This loaf of bread was part of an exhibit of artifacts from Pompeii that I saw at the Boston Museum of Science back in February of 2012. This bread was one of many loaves found in a bakery oven, preserved from when the Roman city was covered in layers of volcanic ash when Vesuvius erupted in the year 79 a.d. (You may realize that I exaggerated in the bread’s age. Or rounded. The bread is only 1934 years old, and a few months.)
I found the exhibit to be fascinating for the glimpses of everyday life that were so strikingly preserved. The exhibit was also haunting in that it contained not only relics of life in that city, but forms of many who died. The imprints of their bodies and clothing were found in the cemented layers of ash, and plaster casts were made from these hollows, to reveal the shapes of individuals posed as they were in their last moments of life.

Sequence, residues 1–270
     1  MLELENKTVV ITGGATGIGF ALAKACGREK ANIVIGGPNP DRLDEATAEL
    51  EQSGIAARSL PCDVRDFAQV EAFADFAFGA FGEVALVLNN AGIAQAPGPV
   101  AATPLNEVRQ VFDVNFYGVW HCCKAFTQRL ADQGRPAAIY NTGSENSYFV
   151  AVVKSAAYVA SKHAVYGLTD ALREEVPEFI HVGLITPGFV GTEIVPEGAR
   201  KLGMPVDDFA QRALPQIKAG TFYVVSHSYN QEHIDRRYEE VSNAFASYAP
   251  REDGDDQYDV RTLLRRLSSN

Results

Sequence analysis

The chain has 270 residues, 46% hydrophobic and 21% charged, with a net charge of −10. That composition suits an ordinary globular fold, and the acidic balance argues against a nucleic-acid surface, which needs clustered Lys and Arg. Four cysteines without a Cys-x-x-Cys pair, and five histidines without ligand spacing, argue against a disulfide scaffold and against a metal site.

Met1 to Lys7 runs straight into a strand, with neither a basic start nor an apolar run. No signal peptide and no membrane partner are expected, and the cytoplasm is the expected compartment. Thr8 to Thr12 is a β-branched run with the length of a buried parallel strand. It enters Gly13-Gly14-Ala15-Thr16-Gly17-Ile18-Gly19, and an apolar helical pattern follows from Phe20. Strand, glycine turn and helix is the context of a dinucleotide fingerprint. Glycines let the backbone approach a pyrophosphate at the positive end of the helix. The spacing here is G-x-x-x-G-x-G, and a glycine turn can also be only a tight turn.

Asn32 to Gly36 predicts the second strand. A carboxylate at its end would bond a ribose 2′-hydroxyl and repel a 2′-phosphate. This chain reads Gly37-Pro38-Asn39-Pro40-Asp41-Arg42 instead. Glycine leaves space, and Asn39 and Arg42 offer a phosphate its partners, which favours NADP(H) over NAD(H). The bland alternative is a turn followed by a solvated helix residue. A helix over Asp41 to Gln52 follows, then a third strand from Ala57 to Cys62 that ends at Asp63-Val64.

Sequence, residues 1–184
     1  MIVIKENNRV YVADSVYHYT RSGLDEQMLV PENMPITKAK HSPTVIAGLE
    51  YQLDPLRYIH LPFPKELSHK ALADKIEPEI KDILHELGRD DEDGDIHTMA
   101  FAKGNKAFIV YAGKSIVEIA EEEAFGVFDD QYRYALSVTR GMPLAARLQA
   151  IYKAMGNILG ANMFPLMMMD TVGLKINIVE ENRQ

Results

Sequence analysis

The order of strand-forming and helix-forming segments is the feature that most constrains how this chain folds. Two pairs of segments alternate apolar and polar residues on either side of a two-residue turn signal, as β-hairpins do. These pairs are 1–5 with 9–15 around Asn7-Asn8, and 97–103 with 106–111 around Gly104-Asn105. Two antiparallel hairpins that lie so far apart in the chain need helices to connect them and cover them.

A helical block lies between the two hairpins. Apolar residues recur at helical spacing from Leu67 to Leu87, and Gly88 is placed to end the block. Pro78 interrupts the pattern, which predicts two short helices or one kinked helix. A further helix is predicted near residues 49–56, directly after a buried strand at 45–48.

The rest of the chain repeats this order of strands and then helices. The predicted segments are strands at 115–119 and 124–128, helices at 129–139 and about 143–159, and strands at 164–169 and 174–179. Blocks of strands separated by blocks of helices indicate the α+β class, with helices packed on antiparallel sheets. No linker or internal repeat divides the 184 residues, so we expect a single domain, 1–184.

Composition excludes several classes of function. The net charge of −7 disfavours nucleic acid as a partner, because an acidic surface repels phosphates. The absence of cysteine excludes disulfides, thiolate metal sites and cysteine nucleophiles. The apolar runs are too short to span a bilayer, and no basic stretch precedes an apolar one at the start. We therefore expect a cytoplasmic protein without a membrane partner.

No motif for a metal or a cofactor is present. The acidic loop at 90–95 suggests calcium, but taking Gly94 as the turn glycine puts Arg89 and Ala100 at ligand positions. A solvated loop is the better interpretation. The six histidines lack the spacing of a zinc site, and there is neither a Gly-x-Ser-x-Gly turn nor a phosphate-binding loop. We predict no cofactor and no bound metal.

This week’s friday foto finder assignment was to share a photo for the theme of “old.” To see what other old things have been unearthed, and to share your own, pay a visit to the fff blog.
4 thoughts on “A 2000-year-old loaf of bread (friday foto finder: old)”
Mine is kind of wishful thinking…
Marvelous! Must have been a fascinating exhibition. That bread looks edible. :D
Amazing. I didn’t know that this bread even existed. Wonder what recipe they used to make it.
I’ve always been fascinated/horrified/moved by Pompeii, since I first read about it as a child. That loaf is so poignant, never to be broken by any hungry person’s hands.